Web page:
On theatre

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Indy Lifestyle Online
Anyone remember the occasion when Antony Sher was found wearing a five-year-old's pink dress and pigtails, sitting with legs splayed, touting a rifle and singing 'Georgie Best, Superstar/Walks like a woman and he wears a bra'? It was all the fault of Caryl Churchill (right). Hilarious, shocking and deeply moving, Cloud Nine (1979), was her first big hit, touring the country, playing two seasons at the Royal Court and then having a two-year run at New York's Lucille Lortel Theatre.

She once said that 'for years I thought of myself as a writer before I thought of myself as a woman' which may account for her continuing commitment to formal experimentation which underpins the dramatic and imaginative exploration of ideas in her work.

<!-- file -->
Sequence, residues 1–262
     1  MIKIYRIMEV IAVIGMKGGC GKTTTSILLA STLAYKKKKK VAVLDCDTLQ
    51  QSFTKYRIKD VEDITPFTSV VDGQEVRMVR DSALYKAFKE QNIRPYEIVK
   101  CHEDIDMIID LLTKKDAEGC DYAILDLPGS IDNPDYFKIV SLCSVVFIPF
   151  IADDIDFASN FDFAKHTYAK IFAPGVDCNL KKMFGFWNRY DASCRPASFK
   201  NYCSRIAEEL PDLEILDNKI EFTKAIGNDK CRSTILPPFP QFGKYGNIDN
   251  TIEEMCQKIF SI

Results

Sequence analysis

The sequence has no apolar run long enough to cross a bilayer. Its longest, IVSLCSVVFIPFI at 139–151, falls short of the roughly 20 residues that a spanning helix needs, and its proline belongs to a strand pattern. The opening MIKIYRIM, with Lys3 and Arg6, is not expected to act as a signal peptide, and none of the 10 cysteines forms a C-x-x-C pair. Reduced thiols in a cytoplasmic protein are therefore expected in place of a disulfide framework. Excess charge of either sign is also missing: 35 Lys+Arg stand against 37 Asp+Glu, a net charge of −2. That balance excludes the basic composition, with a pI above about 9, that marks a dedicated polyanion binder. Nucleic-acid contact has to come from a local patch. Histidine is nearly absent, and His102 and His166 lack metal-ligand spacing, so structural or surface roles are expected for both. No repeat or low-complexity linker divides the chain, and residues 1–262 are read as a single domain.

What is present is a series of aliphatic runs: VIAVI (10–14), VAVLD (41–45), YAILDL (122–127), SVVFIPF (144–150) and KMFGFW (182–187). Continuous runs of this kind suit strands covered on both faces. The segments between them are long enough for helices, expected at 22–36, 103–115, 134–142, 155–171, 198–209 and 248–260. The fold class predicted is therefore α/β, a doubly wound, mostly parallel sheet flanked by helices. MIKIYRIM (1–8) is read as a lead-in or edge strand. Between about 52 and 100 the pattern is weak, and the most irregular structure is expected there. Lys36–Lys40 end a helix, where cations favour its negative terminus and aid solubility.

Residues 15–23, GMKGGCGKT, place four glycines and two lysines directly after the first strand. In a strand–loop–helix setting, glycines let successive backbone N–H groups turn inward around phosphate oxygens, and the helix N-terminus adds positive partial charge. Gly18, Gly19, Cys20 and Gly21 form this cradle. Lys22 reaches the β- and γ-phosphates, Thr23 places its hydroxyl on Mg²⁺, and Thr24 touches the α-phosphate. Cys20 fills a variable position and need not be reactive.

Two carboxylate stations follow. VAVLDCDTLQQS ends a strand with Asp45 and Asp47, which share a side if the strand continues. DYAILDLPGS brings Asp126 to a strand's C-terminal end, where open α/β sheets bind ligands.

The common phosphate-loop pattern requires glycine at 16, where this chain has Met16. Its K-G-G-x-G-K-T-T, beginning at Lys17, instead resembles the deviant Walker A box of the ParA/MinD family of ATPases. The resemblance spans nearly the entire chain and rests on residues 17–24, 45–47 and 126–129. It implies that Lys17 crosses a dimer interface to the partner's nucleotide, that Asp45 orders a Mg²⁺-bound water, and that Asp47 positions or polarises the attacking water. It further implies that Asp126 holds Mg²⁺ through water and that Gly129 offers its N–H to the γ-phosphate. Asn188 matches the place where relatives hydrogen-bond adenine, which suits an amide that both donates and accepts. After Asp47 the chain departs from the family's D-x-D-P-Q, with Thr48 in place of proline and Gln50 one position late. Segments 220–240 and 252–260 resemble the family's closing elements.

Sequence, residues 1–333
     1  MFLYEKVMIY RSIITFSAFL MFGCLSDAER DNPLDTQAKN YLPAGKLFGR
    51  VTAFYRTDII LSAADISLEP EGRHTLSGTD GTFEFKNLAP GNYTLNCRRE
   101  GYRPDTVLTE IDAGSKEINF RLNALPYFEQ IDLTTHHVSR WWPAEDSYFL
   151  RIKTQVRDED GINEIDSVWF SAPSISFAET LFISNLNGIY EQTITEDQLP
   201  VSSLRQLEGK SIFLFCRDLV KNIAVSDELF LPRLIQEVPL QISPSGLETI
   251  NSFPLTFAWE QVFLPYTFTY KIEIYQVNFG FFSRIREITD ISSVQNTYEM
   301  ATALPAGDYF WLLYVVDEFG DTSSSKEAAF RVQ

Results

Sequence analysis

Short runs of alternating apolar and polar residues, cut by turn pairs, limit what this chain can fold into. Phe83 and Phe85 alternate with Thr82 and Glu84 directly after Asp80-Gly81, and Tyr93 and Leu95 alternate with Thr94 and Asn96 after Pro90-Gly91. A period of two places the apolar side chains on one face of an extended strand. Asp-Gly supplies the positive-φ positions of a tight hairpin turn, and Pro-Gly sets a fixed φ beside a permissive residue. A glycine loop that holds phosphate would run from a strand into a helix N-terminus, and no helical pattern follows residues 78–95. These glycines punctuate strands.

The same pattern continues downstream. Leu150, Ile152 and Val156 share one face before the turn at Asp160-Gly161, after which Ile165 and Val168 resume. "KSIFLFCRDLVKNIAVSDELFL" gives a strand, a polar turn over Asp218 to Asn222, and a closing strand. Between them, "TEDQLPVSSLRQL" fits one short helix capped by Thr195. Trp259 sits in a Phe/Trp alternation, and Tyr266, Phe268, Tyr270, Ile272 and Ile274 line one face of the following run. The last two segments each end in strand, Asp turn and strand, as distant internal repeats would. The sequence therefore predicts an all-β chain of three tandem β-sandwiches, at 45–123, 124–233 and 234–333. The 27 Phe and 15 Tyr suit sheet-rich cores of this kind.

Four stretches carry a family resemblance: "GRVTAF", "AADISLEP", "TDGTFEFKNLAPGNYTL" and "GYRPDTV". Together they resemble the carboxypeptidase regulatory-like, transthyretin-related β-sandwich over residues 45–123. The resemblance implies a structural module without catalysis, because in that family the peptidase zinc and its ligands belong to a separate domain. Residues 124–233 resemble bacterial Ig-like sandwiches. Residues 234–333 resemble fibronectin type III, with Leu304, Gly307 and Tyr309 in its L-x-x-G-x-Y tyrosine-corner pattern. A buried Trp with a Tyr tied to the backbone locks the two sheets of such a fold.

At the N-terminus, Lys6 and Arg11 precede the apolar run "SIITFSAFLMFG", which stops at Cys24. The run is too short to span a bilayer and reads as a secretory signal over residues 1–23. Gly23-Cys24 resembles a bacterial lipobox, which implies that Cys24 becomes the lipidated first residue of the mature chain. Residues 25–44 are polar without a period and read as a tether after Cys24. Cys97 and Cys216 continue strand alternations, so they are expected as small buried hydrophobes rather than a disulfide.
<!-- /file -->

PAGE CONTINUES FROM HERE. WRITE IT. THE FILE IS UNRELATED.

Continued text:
Sexual politics, however, has remained a constant theme, triumphantly expressed in Top Girls (1982), which made everyone realise that pigeonholing her as merely one of our best women playwrights was absurd. Its revival at the Court in 1991 gave everyone the chance to wonder anew at the sheer technical skill and emotional depth of the play. The final confrontation (played to devastating effect on both occasions by Deborah Findlay) was an astonishing display of emotion, profoundly political yet absolutely rooted in character.

Artists as diverse as Ian Spink, Judith Weir and James Macdonald have collaborated with her recently. Perhaps some of them will be with her tomorrow to celebrate. The occasion? Her birthday. May there be many more.

(Photograph omitted)

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